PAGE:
Top court draws a line in the sand
A public note disclosing reasons for judicial picks may intensify the face-off with the Centre, but also usher in welcome transparency
A snowballing confrontation between two branches of India’s democracy hit a new pitch this week over three names for appointment to the higher judiciary. The collegium, headed by Chief Justice of India DY Chandrachud and also comprising justices SK Kaul and KM Joseph, broke away from recent convention and issued a public note listing reasons for appointing Saurabh Kirpal to the Delhi high court (HC), Somasekhar Sundaresan to the Bombay HC and R John Sathyan to the Madras HC. More significantly, it recorded the government’s reasons for objecting to these names and issued pointed rebuttals to each objection.
In Mr Kirpal’s case, the collegium brushed aside the government’s two-fold concern — about his advocacy of equal rights for same-sex relationships, which the executive said could give rise to bias and prejudice, and about his partner being a Swiss national, which the government said may pose a security threat. The collegium rightly pointed out that the top court had affirmed the constitutional rights of every person, regardless of their sexual orientation, to live a life of dignity, and to deny someone’s candidature based on this ground would be an affront to constitutional principles. Since the sexual orientation of heterosexual people is not assessed as a factor while considering them for high office, there is no reason why a queer person’s sexuality would render them incapable of impartial and critical thinking. The collegium further rejected the government’s apprehensions about Mr Kirpal’s partner, noting that Switzerland is a friendly nation. In the other two cases, the collegium underlined the right to free speech and dismissed the executive’s concern that the two lawyers were biased, based on their social media posts. The collegium said views on social media cannot be a foundation to infer that someone is biased or has any political leaning, especially when these issues are in the public domain.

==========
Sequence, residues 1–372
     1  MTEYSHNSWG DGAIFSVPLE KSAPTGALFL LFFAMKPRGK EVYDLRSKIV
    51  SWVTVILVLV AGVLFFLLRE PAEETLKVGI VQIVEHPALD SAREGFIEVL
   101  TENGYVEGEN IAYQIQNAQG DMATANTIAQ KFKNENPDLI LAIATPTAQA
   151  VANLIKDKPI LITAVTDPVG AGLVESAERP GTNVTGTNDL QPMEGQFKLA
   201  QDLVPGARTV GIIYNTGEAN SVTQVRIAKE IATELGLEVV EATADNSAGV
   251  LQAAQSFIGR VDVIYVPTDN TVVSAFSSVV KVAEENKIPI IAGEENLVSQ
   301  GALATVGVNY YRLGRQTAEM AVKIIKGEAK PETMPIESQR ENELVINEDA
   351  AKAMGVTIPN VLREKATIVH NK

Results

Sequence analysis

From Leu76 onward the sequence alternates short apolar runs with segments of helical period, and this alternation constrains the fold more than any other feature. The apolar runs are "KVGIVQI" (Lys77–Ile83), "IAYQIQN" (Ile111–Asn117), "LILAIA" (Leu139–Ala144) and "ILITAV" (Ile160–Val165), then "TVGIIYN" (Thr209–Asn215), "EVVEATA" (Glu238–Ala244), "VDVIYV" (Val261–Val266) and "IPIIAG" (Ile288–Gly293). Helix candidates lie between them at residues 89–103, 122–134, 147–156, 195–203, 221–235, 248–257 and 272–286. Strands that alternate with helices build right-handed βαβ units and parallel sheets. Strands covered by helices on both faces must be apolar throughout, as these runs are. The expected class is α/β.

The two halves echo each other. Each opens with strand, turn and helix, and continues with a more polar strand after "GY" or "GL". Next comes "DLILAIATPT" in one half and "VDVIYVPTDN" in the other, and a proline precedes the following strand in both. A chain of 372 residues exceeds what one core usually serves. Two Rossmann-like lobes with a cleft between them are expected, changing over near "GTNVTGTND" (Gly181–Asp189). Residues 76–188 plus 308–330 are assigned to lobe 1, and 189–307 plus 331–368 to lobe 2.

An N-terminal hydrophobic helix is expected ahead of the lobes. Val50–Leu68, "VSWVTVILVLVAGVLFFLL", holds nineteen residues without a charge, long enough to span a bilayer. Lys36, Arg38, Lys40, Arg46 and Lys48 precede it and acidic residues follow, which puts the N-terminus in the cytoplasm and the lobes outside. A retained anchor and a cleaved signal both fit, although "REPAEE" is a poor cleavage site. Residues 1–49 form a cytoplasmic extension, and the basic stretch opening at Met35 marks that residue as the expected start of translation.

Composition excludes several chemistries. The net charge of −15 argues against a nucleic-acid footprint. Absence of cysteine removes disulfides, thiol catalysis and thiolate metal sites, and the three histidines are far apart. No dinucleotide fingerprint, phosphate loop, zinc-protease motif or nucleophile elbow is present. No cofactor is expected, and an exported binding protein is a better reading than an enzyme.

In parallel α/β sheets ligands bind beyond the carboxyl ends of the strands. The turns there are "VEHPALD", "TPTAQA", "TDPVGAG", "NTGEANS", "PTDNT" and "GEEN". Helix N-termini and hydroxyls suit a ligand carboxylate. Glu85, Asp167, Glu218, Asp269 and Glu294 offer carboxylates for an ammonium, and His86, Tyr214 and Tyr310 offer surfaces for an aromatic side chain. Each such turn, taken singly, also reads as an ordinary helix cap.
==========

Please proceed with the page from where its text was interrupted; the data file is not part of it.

This is an important moment and must be seen against the backdrop of the tussle between the Centre and the Supreme Court over who gets primacy in the appointment of judges. Over the past few months, the Union government repeatedly criticised the powers of the collegium, leading to speculation that it wanted to undo the changes made in the Second Judges case in 1993, which set up the collegium system. This was done largely through public comments made by the law minister, with even the vice-president on one occasion expressing his disapproval of the basic structure doctrine, sparking serious worries about judicial autonomy and concerns that the government was attempting to gain influence over a process that could subvert the judiciary’s role as a defender against executive and legislative overreach, and the excesses of a majoritarian democracy. The collegium’s decision to make the deliberation public draws a line in the sand, and signals the judiciary’s eroding patience with the stalling of judicial appointments.
At the same time, this newspaper hopes this development paves the way for a new convention of transparency from both sides. The collegium system, though important for judicial independence, has attracted criticism for being opaque and functioning with little diversity or accountability. In allowing the most important stakeholders in the democratic process, the citizens, a look at its institutional processes, thinking and deliberations, the court has taken a welcome step forward.